Vaquero Show to honor Williams family

In its 33rd year, annual event honors and showcases ‘the cowboy life’

Wayne Williams and Jerry Williams are seen pushing cattle.

SYV Star Staff Report

Cattle rancher Nolan Williams shows his roping skills.
Photo contributed

The local cowboy tradition goes back more than a century, and a tradition of honoring those who have kept that spirit alive is in its 33rd year as the annual Vaquero Show and Sale takes place Nov. 10-12 at the Santa Ynez Valley Historical Museum.

This year’s recipient of the “Vaqueros of the Year” is the Cornelius and Williams family, who have created a name synonymous with the ranching way of life in the Santa Ynez Valley.

Glen Cornelius, grandfather of matriarch Nancy Williams, was a pioneer in the industry when he was a cattle buyer and traveled by train to buy and sell livestock.

Her father Raymand ran 80,000 head of cattle on ranches all around California and became a pilot so he could get to his cattle quickly.

He rented Rancho del Cielo, which became known as the Western White House when President Ronald Reagan bought the property in the mid-1970s. The Williams family helped take care of the president’s livestock.

Nancy Williams met her husband, Jerry Williams Sr., whose family was also in the cattle industry as well as sheep and farming, when they attended Cal Poly. Her husband was a member of the football team and among the few survivors of an infamous plane crash in 1960. He died later in an accident while working a bull.

Their son Jerry Williams Jr. and his mother run the family operation that runs hundreds of head of cattle all around the Central Coast. Their Williams Ranch and the signs for their “Flying V” brand dot the open land from Gaviota through the North County.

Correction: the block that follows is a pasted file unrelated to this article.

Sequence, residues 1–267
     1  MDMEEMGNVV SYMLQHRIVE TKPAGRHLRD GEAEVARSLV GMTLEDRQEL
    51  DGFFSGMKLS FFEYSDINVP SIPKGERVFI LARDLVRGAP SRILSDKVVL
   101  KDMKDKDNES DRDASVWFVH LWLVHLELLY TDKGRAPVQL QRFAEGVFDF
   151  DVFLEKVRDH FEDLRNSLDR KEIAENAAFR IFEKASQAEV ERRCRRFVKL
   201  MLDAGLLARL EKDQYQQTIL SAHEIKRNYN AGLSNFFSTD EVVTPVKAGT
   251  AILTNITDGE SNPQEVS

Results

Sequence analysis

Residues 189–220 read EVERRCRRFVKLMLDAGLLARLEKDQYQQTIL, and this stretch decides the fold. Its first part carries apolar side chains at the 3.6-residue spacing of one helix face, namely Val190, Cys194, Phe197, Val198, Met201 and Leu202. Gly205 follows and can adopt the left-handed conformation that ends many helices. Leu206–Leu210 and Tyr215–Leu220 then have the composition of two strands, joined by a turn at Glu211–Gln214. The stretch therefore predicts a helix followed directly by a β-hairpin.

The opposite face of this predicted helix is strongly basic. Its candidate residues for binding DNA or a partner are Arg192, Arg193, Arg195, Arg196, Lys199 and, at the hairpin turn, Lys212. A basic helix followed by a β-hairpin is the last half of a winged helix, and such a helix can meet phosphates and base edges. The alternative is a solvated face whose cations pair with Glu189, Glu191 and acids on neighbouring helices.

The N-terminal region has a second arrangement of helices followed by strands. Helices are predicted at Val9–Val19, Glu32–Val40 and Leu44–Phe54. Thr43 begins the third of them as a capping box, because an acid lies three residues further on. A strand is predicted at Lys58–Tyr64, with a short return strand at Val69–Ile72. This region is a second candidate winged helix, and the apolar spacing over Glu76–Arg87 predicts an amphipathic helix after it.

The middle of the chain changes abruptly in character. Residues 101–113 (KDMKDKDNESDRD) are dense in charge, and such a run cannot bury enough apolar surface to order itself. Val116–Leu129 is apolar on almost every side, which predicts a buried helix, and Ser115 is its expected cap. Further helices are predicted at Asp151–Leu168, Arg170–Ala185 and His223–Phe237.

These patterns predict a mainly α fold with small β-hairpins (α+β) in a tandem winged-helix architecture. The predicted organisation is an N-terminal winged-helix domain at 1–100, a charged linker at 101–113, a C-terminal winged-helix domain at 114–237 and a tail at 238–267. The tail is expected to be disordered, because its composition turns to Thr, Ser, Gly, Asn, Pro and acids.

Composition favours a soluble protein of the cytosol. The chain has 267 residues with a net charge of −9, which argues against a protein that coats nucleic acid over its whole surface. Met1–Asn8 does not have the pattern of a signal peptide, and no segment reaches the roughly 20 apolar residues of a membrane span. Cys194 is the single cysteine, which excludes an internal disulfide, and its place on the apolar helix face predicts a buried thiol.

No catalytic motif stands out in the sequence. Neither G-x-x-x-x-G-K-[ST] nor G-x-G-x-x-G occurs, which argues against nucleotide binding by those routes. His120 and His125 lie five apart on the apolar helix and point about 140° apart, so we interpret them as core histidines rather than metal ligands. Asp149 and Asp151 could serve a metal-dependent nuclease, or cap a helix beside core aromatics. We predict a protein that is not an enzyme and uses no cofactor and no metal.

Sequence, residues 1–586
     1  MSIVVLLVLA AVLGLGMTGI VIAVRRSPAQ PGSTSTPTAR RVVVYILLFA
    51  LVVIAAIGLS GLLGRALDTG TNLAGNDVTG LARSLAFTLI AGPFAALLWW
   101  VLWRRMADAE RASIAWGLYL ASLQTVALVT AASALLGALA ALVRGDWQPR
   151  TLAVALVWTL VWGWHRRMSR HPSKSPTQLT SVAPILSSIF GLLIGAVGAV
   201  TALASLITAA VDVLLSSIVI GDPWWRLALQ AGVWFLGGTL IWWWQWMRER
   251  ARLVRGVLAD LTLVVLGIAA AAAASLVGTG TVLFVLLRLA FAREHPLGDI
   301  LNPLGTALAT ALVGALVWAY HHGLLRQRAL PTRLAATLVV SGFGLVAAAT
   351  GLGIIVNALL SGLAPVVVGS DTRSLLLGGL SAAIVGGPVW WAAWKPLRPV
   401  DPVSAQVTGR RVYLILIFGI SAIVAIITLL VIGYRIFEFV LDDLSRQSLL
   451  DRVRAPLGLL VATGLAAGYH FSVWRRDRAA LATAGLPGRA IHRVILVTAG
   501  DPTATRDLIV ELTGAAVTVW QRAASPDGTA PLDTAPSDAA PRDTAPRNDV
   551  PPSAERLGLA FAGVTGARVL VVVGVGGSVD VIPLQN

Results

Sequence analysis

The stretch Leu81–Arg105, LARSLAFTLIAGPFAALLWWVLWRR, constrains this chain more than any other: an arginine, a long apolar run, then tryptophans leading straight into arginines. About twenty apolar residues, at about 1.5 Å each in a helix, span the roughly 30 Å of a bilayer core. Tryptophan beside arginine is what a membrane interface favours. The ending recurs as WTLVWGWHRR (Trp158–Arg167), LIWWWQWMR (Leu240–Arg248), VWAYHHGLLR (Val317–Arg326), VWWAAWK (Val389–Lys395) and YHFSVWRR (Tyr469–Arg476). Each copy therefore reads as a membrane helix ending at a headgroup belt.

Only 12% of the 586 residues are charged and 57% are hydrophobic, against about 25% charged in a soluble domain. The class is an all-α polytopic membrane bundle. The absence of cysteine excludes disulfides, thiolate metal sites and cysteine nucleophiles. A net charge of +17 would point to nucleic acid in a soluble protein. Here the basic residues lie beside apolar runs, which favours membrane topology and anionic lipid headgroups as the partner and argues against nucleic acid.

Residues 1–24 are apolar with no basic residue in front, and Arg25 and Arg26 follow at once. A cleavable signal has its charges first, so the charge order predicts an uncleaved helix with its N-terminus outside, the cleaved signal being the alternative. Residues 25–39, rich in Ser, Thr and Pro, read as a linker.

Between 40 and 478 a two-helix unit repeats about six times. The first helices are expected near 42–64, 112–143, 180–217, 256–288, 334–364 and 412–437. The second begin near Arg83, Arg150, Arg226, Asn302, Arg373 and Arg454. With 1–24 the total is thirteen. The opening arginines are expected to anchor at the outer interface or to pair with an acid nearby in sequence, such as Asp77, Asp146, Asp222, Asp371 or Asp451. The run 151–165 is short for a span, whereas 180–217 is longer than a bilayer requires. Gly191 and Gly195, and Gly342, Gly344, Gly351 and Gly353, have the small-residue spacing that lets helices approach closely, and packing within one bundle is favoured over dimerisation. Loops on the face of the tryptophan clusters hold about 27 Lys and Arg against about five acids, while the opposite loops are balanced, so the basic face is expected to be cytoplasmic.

This year’s “Vaqueros of the Year” are the Cornelius and Williams family, who have created a name synonymous with the ranching way of life.
Photo contributed

“There’s nothing like this life, and I get to be with my family every day and teaching our next generation the things my father and father’s father taught me. My great-granddad was alive until I was 18 and he really impacted my life and shaped who I am as well,” said Jerry Williams Jr.

They recently were followed for nearly a year by a film crew making a documentary about the cowboy way of life called “Modern Cowboy,” a production of Dave Long and Andy Samarasena Films.

The Vaquero Show will be an action-packed weekend of entertainment and fun as artisans and collectors from across the United States will show their hand-crafted goods including saddles, bridles, bits and spurs, as well as Western art including original paintings and sculpture.

The Williams family owns several hundred head of cattle along the Central Coast and are always busy branding and working them.
Photo contributed

The weekend kicks off with a gala dinner and “pre-party” on Friday, Nov. 10, when the museum will honor the Williams families. Also being honored this year is the artistry of Ernie Morris and craftsmanship of Ray Sandoval.

Guests will enjoy appetizers, hosted bar, dinner, and live entertainment from Brad Carrol & Friends as well as the cowboy poetry of Dan Hess. Reservations are required.

The fun continues from 9 a.m. to 5 p.m. Saturday and 10 a.m. to 3 p.m. Sunday with a vendor showcase and roping demonstrations throughout the day by nationally acclaimed clinicians Dwight Hill, Pat Puckett, Bruce Sandifer and Boone Campbell, plus the “Cowboy Campfire” beginning at 6:30 p.m. Saturday. Guests will enjoy campfire dinner and dessert while listening to performances by local favorite Art Green and Rusty Richards from the Sons of the Pioneers, plus poetry by nationally recognized Dan Hess.

For more information about the Vaquero Show and Sale or to buy tickets, call 805-688-7889 or go to www.santaynezmuseum.org.